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Programmed cell death during aerenchyma formation in Typha angustifolia leaves

Ni, Xi-Lu, Meng, Ying, Zheng, Shuang-Shuang, Liu, Wen-Zhe
Aquatic botany 2014 v.113 pp. 8-18
DNA fragmentation, Typha angustifolia, aerenchyma, air, apoptosis, aquatic plants, biomarkers, calcium oxalate, cell walls, crystals, electron microscopy, gas exchange, gel electrophoresis, leaves, light microscopy, organelles, tonoplast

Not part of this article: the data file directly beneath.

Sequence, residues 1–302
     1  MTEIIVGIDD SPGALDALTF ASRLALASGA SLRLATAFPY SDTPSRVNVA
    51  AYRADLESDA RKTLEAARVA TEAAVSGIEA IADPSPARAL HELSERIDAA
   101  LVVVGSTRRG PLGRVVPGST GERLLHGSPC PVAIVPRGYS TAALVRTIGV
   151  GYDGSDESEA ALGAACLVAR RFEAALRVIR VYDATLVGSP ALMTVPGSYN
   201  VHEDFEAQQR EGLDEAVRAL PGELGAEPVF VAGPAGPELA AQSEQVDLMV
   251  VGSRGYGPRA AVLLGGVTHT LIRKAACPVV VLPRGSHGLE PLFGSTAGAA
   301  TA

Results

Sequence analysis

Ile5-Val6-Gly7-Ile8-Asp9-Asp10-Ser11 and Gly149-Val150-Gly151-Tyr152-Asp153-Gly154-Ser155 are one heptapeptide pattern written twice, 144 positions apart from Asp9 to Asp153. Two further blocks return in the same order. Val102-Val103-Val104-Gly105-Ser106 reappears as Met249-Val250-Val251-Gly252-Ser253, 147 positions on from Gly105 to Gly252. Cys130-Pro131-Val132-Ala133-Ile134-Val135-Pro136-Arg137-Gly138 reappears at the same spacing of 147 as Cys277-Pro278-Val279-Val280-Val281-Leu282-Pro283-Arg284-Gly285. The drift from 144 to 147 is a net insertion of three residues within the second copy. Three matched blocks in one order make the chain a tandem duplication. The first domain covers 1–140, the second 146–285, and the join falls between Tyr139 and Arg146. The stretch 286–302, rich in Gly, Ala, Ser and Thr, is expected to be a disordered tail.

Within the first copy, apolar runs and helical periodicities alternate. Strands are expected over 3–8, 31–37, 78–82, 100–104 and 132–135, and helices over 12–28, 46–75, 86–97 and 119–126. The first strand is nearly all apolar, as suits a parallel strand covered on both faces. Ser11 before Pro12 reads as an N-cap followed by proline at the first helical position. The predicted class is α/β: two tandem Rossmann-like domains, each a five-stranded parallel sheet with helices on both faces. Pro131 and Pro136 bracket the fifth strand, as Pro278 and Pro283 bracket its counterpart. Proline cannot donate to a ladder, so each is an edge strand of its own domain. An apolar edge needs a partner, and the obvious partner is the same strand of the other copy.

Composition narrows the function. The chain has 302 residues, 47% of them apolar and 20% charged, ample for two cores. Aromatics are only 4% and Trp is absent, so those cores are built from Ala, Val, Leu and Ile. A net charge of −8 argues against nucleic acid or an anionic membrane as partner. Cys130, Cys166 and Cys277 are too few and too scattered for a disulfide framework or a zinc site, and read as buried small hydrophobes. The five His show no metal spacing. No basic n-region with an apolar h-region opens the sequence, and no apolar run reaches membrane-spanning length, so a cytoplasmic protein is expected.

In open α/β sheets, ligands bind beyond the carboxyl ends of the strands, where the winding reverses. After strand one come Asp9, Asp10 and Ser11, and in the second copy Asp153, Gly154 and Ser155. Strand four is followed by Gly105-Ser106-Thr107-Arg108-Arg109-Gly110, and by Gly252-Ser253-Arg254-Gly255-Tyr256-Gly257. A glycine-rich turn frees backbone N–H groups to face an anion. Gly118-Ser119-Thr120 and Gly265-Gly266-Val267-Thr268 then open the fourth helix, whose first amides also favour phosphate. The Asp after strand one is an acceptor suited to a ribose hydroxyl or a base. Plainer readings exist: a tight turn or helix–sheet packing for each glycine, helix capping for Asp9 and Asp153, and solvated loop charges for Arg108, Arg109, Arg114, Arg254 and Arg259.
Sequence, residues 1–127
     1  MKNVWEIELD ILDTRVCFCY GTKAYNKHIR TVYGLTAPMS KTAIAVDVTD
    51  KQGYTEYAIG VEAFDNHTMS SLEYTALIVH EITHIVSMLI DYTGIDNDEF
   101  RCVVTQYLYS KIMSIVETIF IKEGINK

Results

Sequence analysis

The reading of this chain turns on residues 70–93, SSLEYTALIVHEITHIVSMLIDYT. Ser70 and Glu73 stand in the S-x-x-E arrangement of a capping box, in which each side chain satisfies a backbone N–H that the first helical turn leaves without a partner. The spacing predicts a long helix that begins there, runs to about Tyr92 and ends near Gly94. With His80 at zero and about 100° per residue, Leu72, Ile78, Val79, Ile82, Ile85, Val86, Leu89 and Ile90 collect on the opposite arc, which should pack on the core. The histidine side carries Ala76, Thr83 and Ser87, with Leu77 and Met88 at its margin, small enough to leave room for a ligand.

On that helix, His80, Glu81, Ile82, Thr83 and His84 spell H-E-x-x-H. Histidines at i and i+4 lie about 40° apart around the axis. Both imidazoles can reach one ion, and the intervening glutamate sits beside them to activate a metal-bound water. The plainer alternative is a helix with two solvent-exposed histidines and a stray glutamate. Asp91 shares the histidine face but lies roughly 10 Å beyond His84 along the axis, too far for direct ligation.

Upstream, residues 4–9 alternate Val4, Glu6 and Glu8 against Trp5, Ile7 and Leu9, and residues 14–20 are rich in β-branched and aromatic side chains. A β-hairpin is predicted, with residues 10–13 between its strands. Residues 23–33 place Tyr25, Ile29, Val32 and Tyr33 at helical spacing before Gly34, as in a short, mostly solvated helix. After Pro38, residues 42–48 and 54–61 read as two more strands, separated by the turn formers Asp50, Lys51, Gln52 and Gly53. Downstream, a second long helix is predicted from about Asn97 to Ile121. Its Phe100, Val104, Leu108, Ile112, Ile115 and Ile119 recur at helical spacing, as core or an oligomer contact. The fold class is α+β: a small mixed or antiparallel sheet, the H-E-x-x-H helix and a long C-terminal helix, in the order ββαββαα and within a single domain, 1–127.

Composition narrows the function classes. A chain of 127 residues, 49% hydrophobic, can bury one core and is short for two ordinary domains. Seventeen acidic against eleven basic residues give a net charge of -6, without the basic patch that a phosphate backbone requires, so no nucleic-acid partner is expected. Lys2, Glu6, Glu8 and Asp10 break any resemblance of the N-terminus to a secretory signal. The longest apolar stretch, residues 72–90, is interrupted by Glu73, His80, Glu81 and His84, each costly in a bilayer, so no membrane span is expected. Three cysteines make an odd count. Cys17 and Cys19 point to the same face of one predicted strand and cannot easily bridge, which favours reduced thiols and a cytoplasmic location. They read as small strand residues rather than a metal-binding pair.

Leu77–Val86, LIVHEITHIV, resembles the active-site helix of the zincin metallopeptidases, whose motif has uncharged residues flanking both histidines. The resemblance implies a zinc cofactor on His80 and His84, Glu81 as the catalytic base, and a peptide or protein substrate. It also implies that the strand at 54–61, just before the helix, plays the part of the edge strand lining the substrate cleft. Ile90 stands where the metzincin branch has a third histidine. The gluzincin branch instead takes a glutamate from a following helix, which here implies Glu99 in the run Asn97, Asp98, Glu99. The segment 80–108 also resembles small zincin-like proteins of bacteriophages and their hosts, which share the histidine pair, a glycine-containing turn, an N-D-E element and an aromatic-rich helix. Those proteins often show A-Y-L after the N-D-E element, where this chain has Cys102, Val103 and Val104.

To facilitate gas exchange, some plants produce specialized air cavities called aerenchyma. To determine how the aerenchyma is formed, we conducted serial experimental observations and tests. Here we provide evidence that aerenchyma is formed in Typha angustifolia leaves through cell lysis in which programmed cell death (PCD) is involved. We first observed by light microscopy that aerenchyma was formed by degradation of some specialized cells, the designated PCD-susceptible cells. Consistent with this observation, a TUNEL assay displayed the typical PCD features of in situ DNA fragmentation. The biomarkers of PCD were further revealed by gel electrophoresis. Using electron microscopy, we further observed that the PCD-susceptible cells underwent several organized changes that are typically associated with PCD, including emergence of vesicles, rupture of tonoplast, and degradation of cytoplasm, organelles, and cell walls. Additionally, we observed that calcium oxalate crystals appeared at the early cavity formation phase and disappeared at the late cavity formation phase during aerenchyma formation. Taken together, our results suggest that PCD plays a critical role in the development of lysigenous aerenchyma in T. angustifolia leaves.